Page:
COAT: Hard and weather-resistant. Must be double-coated with profuse harsh outer coat and short, soft, close furry undercoat.

CLARIFICATION: This hard, double coat is most important in the Cairn, as it was designed to keep cold and water from penetrating to the skin. The profuse coat shoud be thick and a minimum of 2 inches in length. It should be the same lenght all over the body. Any appearance of the "jacketed" or "sculptured" look of the more stylized terriers should be severely penalized.

COLOR: May be of any color except white. Dark ears, muzzle and tail tip are desirable.

CLARIFICATION: Any color except white is permissible, however any markings resembling the old black and tan terrier (Doberman type markings), or parti-colored markings are highly objectionable and should not be allowed. Dark points-muzzle, ears and tail-are desirable.

IDEAL SIZE: Involves the weight, the height at the withers and the length of body. Weight for bitches, 13 pounds; for dogs, 14 pounds. Height at the withers-bitches, 9 1/2 inches; dogs 10 inches. Length of body from 14 1/2 to 15 inches from the front of the chest to back of the hindquarters. The dog must be of balanced proportions and appear neither too short nor too long in body. Weight and measurements are for matured dogs at two years of age. Older dogs may weight slightly in excess and growing dogs may be under these weights and measurements.

CLARIFICATION: While the weight and height limits are important, it should be stressed that the overall balance of the dog is most important. A well boned, properly-coated dog may appear larger than a light boned, shrot-coated dog. A slightly under or oversized dog of obvious quality is preferable to a proper sized dog lacking the desired attributes. See above illustration for the proper way of measuring dogs at the withers and length of back.


CONDITION: Dog should be shown in good hard flesh, well muscled and neither too fat or thin. Should be in full good coat with plenty of head furnishings, be clean, combed, brushed and tidied up on the ears, tail, feet and general outline. Should move freely and easily on a loose lead, should not cringe on being handled, should stand up on their toes and show with marked terrier characteristics.

CLARIFICATION: A Cairn should not be too heavy in body or in weight. They are not chunky little dogs and should have a little extra length of loin to be agile. In feeling behind the rib cage along the sides of the dog, a very slight depression is good in the loin area. Not that you want to feel the hip bones, but you do want to feel the ribs and you want some leanness through the body. Cairns are not as heavy as the Westie or Scottie.

Full good coat means full coat-2 to 3 inches long all over the body-unlike the Westie or Scottie where there is much longer coat on the legs and longer coat close to the ground. The Cairn is not stripped on the back leaving a flowing skirt. The entire body is stripped-not just the back. They are not to be skinned down at the neck nor should they carry an abundance of long, silky, dead furnishings. This style of grooming should be heavily penalized in the show ring. A coat should be worked entirely with the thumb and forefinger. Scissor marks should never be seen on the Cairn body. Scissors may be used around the feet and just at the very top of the ears. The fad of blow drying the Cairn should be discouraged. This fad only puffs out the coat and presents a very unnatural appearance for a rugged, sturdy dog. In order to preserve this breed in its best old-working type, the Cairn Terrier must resist current fashions.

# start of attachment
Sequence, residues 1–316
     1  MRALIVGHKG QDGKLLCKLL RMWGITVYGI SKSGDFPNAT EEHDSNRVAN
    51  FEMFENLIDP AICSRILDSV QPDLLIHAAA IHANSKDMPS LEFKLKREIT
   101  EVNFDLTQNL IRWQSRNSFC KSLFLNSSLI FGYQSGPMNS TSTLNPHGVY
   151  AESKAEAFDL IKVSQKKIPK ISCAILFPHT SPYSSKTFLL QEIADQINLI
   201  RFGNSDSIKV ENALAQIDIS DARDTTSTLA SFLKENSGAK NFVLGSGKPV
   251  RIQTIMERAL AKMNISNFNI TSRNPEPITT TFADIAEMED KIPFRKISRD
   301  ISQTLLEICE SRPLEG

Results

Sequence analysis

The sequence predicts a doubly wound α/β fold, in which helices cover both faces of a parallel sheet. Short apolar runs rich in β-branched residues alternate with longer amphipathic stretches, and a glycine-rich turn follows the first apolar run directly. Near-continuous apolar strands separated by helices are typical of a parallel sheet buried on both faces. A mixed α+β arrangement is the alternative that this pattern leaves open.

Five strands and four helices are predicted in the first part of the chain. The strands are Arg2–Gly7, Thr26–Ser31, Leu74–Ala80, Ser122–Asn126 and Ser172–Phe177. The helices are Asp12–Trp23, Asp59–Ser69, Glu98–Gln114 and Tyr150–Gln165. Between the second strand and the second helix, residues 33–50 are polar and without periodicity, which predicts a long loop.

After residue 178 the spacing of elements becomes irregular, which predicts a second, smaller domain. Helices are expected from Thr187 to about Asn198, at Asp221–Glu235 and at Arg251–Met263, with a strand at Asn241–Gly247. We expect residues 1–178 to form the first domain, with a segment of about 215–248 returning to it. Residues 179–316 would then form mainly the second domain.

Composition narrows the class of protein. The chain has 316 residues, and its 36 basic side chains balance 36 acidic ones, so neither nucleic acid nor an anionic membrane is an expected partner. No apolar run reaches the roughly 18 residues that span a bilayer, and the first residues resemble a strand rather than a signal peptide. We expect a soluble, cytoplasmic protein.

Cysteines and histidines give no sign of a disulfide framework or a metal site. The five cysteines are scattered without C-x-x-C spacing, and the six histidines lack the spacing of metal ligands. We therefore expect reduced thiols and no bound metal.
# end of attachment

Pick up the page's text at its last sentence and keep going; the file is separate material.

Proper grooming of the tail is important for breed type in the Cairn. The hair covering the tail should taper from the base to a point at the tip like a Christmas tree or an inverted ice cream cone. A skinned down tail or the stovepipe grooming of a Fox Terrier is incorrect. Judges are encouraged to examine Cairns on a table for eye-level viewing and assessing.

 

The Standard calls for the dog to be shown on a loose lead. A loose lead is most important for the natural presentation of a Cairn. Also, those handling should be on their feet, not squatting and posing their dogs. Cairns are active, lively dogs, standing and facing the world proudly!

 

SKULL: Too narrow in skull.

MUZZLE: Too long and heavy a foreface; mouth overshot or undershot.

EYES: Too large, round at points, set too close together, set too high on the head' heavily covered with hair.

LEGS AND FEET: Too light or too heavy bone. Crooked forelegs or out at elbow. Thin, ferrety feet; feet let down on the heel or too open and spread. Too high or too low on the leg.

BODY: Too short back and compact a body, hampering quickness of movement and turning ability. Too long, weedy and snaky a body, giving an impression of weakness. Tail set on too low. Back not level.

COAT: Open coats, blousy coats, too short or dead coats, lack of sufficient undercoar, lack of head furnishings, lack of hard hair on the legs. Silkiness or curliness. A slight wave permissible.

NOSE : Flesh or light colored nose.

COLOR: White on chest, feet or other parts of body.

Approved May 10, 1938, American Kennel Club Book of Standards